I am torn between Mark X and Mercedes

Friday February 23 2018


By Paul Kaganzi

Hi Paul, I drive a Mark II model 99. However, I want to upgrade. I am torn between a Mark X and Mercedes Benz c200 CDi Sports Coupe (2001). From the two, what would you advise me to go for in terms of fuel consumption, stability, comfort, maintenance and other features? Dan Emorut

Hello Dan, both the 2004 first generation Toyota Mark X and second generation Mercedes C Class W203 were turning points in their respective stables. Mark X is a midsize luxury car while the C class is an entry level luxury sedan.
Comparing the MarkX 2.5 litre petrol and C class C200 2.1 litre diesel engines is not exactly ‘apples for apples’. Mark X’s popular 4GRFSE engine delivers an exciting engine output of 212 horsepower and a torque of 260NM.

No wonder Mark X accelerates from 0-100 kilometres per hour in 8.4 seconds, while the C200 takes 12.1 seconds.
The diesel Mercedes C200 CDi (common rail diesel) 0M611 produces a modest 115 horsepower but a bigger torque of 250 NM (put simply engine output is how fast you hit a wall while Torque is how much of the wall you take away with you).
Torque is useful when towing or driving on difficult terrain. The 2.1 litre CDi engine on the Mercedes is quiet, smooth and more fuel efficient (highway: 21.7 kilometres per litre).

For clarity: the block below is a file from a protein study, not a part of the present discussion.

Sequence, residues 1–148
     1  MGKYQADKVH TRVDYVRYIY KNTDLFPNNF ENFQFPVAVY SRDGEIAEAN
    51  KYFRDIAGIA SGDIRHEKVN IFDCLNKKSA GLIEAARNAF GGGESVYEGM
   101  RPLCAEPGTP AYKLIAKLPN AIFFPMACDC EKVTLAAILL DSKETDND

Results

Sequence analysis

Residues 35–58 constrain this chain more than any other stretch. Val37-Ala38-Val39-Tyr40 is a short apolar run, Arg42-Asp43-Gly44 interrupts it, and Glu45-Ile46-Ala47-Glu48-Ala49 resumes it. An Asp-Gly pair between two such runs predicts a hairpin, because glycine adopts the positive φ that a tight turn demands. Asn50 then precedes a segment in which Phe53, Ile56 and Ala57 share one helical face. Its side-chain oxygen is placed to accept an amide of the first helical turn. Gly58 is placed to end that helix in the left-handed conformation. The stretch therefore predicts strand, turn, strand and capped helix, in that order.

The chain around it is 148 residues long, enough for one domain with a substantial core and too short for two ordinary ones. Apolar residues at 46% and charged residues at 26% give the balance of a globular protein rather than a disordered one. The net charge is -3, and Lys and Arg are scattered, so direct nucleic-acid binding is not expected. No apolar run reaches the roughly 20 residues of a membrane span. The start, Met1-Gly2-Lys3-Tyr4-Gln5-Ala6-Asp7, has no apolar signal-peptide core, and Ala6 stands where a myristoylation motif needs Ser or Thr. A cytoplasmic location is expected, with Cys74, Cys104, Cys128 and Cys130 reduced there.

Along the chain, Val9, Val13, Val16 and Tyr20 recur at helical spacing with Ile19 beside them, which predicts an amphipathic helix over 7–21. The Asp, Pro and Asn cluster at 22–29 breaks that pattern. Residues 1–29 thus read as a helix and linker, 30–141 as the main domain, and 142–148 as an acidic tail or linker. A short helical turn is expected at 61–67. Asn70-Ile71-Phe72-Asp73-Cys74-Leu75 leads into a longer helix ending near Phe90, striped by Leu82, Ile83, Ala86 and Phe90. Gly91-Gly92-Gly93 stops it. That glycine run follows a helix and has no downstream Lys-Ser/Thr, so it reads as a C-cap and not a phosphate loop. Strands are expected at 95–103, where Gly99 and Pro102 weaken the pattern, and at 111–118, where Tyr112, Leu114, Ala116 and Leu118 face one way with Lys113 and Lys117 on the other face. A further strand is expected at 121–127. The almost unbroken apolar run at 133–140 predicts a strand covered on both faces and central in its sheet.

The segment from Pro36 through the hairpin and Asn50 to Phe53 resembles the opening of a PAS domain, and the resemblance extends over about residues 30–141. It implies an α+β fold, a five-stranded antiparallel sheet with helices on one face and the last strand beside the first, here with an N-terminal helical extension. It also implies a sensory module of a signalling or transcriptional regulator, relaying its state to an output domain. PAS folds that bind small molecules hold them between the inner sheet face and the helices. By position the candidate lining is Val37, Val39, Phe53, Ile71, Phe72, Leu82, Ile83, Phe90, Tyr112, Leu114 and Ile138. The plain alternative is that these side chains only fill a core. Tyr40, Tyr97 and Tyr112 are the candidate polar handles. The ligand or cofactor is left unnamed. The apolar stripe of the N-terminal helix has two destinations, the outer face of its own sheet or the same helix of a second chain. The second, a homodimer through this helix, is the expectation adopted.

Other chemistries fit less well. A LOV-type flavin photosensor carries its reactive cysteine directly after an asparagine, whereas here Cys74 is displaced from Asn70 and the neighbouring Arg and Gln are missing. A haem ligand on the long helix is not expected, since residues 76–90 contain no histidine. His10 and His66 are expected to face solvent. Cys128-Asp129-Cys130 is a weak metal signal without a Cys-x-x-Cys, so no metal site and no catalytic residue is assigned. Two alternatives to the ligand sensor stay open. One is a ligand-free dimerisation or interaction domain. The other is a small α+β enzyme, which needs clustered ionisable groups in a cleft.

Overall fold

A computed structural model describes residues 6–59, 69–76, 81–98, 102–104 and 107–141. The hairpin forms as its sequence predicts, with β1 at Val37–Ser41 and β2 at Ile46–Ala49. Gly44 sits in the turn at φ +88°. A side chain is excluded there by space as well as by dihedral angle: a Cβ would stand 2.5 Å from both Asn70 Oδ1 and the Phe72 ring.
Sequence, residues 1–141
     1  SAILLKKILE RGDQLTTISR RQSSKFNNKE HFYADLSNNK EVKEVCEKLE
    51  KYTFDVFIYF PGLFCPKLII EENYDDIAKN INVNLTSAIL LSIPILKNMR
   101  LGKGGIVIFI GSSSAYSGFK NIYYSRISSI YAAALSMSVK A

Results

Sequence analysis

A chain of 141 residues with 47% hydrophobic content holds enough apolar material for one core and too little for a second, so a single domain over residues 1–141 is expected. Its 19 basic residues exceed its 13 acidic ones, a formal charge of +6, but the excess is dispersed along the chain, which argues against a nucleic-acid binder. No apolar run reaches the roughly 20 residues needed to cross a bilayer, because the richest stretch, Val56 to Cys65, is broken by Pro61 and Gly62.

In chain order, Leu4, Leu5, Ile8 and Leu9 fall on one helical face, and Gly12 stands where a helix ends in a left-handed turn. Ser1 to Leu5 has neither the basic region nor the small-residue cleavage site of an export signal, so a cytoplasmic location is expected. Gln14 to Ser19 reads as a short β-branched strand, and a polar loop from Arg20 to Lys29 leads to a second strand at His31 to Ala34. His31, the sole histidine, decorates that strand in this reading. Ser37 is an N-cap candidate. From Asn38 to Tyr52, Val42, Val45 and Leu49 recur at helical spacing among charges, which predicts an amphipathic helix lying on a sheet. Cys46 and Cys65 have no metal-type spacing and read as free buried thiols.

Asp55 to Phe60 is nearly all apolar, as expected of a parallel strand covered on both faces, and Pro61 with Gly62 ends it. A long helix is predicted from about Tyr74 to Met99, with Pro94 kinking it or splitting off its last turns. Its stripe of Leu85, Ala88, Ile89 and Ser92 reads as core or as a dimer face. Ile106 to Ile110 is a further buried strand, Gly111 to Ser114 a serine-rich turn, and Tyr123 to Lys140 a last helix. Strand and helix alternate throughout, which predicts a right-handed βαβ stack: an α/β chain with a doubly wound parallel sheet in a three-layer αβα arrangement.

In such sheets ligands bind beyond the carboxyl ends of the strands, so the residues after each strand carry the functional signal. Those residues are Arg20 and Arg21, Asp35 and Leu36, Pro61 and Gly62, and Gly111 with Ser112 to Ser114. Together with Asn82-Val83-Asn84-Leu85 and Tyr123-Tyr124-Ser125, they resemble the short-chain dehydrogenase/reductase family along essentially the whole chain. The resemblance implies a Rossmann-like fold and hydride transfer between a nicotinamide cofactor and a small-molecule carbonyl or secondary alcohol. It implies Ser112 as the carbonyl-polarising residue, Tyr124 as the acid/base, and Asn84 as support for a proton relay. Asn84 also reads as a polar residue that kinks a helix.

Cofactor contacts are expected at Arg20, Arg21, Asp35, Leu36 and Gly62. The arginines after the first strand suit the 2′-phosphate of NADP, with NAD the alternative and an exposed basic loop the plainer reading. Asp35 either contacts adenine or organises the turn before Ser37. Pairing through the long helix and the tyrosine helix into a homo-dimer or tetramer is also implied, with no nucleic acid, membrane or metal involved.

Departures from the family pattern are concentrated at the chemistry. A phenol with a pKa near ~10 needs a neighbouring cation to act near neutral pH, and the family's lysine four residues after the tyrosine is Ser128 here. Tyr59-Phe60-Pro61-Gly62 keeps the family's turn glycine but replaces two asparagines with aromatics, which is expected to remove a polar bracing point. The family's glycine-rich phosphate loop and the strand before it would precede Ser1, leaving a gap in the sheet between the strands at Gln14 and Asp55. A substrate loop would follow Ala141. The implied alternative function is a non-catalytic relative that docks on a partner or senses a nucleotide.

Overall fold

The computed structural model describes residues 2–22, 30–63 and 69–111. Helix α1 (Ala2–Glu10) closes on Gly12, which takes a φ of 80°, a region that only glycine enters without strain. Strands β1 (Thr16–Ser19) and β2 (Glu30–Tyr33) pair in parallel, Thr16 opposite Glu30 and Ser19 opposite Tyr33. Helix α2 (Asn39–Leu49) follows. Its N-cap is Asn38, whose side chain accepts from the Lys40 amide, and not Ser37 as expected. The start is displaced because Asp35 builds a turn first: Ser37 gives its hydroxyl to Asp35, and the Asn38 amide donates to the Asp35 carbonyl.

The more punchy and muscular 2.5 litre Mark X is less fuel efficient (12.6 KM/litre). Both the Mark X and C200 handle well and feel firm on the road due to their good weight or wheelbase combination Mark X (1510kg/2850mm) and C200 (1505 kilogrammes / 2,715 milimetres).
Both cars feel secure to drive fast through the corners because of electronic traction control, speed sensitive steering (Mark X) and Mercedes Electronic stability programme, front independent and rear multi-link suspension.

The bigger Mark X LxWxH: (4735x1775x1435mm) feels more spacious and provides more ample legroom for rear passengers and load space in the boot than the C200 (4526x1728x1426mm).
The Mark X interior exudes a more luxurious and expansive front console with chrome and walnut wood finishes. The C200 feels a little underserved as if the designers held back a bit on luxury. C200 interior has more plastic finishes.

Safety of both vehicles is ample with supplementary restraint air bags and ABS brakes. Maintenance is easy for both cars if you find good garages and use good detergency oils or fuels. Diesel engines tend to become expensive to maintain when they age. Insist on using clean detergency diesel to maintain the fuel injectors.
Genuine maintenance and repair parts are readily available. Mercedes C200 is a prestige brand with slow depreciation.